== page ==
The Oilholic headed to downtown Vancouver from the suburbs this afternoon, up on Burrard Street, turning right on Davie Street, down Jervis Street straight through to Sunset Beach in order to get a look in at the English Bay which is quite a sight. Standing bang in the middle of the beach, to your left would be Granville Island, the Burrard Bridge overlooking it and Granville Bridge reaching out to it.
To your right would be two more beaches and Stanley Park on the Vancouver Downtown Peninsula and looking out to the horizon you’ll see pristine waters of the Bay littered with tankers (see image above on the left, click to enlarge). The view is a vindication of Western Canada’s growing crude credentials and its clout in the world of oil & gas exports. Yours truly and other onlookers would often spot the odd oil or LNG tanker on the horizon making its way to or from Vancouver Harbour and docking bays on the inlet towards Port Moody. However, this afternoon the Oilholic counted 12 tankers - the most yours truly has ever counted on five previous visits to the Bay!
There is a new found confidence in the Canadian energy business and a palpable shift in the balance of economic prowess from a manufacturing-led East Coast/Eastern dominated macroeconomic dynamic of the 1950s to a natural resources-led West Coast/Western dominated economy since 2005 or thereabouts. Furthermore, an ever mobile financial services sector with its hubs in Montreal and Toronto now looks increasingly Westwards. Law firms and advisory firms are increasing their presence in Western Canada by expanding practices and a network of partners in Calgary and Vancouver.
Calgary now has more corporate headquarters than Montreal. Of the top 20 most profitable Canadian companies by exchange filings in 2010, eight were natural resources companies with a Western Canadian slant (viz. Suncor, Barrick, Imperial Oil, PCS, Teck, CNR, Goldcorp and EnCana).
A recently spurned merger between natural resources and banking sector(s) dominated stock exchanges of London (LSE) and Toronto (TSX) would have been ideal. But much to the dismay of the Oilholic, the Canadians involved wanted to go it alone and whether you agree or not. In more ways than one LSE and TSX are rivals, especially when it comes to attracting mining companies.
Switching tack to big shots in Ottawa – well to begin with Prime Minister Stephen Harper is an Alberta man. Bank of Canada governor Mark Carney, Chief Justice Beverley McLachlin and the inimitable Rt. Hon. Joe Oliver – the country’s Natural Resources Minister and the most vocal among his G7 peers with an identical ministerial portfolio – are all ‘Western’ Canadians.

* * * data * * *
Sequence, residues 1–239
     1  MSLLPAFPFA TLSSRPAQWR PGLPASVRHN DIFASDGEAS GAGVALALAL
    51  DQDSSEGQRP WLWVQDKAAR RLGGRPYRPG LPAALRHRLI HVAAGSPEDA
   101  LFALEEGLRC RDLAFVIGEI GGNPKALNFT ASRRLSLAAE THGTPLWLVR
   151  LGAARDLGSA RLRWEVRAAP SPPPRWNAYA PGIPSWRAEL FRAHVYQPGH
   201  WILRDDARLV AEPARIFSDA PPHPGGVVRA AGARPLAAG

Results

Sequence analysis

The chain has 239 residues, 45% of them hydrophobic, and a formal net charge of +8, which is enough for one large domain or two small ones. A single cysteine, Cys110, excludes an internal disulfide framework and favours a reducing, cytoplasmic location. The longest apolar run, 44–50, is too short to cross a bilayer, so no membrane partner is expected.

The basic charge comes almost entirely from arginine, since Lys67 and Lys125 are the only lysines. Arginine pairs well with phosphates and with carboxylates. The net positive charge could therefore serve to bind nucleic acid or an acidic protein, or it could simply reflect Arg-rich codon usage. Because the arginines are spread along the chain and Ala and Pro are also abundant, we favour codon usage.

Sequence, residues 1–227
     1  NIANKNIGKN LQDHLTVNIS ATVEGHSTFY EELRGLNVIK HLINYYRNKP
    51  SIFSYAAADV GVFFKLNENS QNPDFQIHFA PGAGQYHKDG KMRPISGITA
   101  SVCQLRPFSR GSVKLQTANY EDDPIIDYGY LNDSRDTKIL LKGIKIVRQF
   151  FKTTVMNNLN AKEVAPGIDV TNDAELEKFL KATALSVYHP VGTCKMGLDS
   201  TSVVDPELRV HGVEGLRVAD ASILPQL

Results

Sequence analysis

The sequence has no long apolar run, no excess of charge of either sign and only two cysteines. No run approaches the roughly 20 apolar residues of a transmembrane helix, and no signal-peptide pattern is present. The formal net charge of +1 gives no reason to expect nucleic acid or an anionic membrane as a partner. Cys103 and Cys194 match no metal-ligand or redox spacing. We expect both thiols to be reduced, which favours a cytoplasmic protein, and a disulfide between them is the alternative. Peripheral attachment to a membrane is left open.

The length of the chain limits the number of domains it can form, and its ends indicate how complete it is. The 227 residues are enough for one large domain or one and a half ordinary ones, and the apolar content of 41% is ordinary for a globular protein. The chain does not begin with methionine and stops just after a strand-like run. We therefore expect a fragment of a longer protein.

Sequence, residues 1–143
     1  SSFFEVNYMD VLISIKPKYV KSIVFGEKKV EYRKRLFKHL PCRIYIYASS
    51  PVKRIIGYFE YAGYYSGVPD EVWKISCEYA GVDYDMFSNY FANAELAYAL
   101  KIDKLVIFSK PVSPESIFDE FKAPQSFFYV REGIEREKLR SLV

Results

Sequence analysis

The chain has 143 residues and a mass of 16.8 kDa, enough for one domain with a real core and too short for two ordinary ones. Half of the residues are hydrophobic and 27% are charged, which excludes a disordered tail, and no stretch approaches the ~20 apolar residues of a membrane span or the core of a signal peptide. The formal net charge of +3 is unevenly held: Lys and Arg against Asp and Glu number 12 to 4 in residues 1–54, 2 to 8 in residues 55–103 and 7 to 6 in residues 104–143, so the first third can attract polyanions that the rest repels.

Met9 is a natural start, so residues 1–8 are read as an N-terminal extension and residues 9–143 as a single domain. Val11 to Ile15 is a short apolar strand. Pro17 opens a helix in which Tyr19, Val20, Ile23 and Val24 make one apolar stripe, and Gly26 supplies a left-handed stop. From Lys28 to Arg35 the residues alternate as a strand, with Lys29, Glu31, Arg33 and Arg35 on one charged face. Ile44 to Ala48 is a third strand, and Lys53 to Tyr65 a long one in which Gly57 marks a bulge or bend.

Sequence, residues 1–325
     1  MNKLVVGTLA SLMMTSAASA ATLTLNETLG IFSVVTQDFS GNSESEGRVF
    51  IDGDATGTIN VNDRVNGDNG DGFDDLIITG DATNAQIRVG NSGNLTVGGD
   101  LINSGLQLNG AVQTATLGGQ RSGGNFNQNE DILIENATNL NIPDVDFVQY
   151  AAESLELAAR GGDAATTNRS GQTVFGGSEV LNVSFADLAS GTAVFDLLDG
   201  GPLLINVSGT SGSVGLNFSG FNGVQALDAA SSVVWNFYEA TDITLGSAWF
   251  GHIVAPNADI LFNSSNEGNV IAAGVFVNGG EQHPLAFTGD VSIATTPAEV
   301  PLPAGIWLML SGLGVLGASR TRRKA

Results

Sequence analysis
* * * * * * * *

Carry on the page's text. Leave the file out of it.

Having visited Canada on an annual basis since 2001, the Oilholic has seen the transformation of Canadian politics and the country’s economy first hand and it has been extraordinary in a positive sense. Harper’s “ocean of oil soaked sand” in Northern Alberta has more of the crude stuff than any other crude exporting country bar Saudi Arabia. Let’s not forget the Saudis’ reserves position has been verified by Aramco, Canada’s has been subjected to scrutiny by half world’s independent verifiers of different political leanings and persuasions.
The total value Canada’s natural resources according to various estimates at 2009 prices comes in at US$1.1 trillion to US$1.6 trillion, with the bituminous bit and shale alone accounting for at least 45% per cent of that depending on which financial analyst or economist you speak to.
“Canada’s biggest advantage as an oil exporter in the eyes of the world is that it’s no Saudi Arabia. Furthermore, in a business full of unsavoury characters, dealing with Canadians makes for a welcome change,” quips one patriotic analyst on condition of anonymity.
In the oil business there are no moral absolutes and no linear path to the Promised ‘Crude’ Land. Canada will have its fair share of challenges related to extracting, refining and marketing the oil. The will to do so is certainly there and so are the buyers. The Oilholic’s timber trade analogy
has won him quite a few beers from Canadians and pragmatic macro analysts who loved it. There is an unassailable truth here – American dithering and often unjust punitive action against Canadian timber exports in the 1990s lead a Liberal party-governed Canada to look Eastwards to Japan and China.
Fast forward to 2011-2012 and history is repeating itself with President Obama’s dithering over Keystone XL (although TransCanada’s reputation in relation to leaks has not helped either). Akin to the 1990s, there are other buyers in town for the Canadian crude stuff, with India joining the tussle for Canadian attention along with Japan, South Korea and China.
When a Liberal-led Canadian federal government looked elsewhere in the 1990s to market and sell its dominant natural resource at the time, if the US government thinks a present-day Conservative government with a parliamentary majority and a forceful character like Stephen Harper at the helm won’t do likewise (and sooner) when it comes to oil, then they are kidding themselves more than anyone else.
The presence of Korean, Indian and Chinese NOCs can be felt alongside top 20 IOCs in Calgary. Not a single oil major worth its weight in crude oil has chosen to ignore the oil sands, just as onlookers at Sunset Beach can’t ignore tankers on the English Bay horizon. That’s all for the moment folks! Keep reading, keep it ‘crude’!
© Gaurav Sharma 2012. Photo: Oil & LNG tankers on the English Bay horizon, British Columbia, Canada © Gaurav Sharma 2012.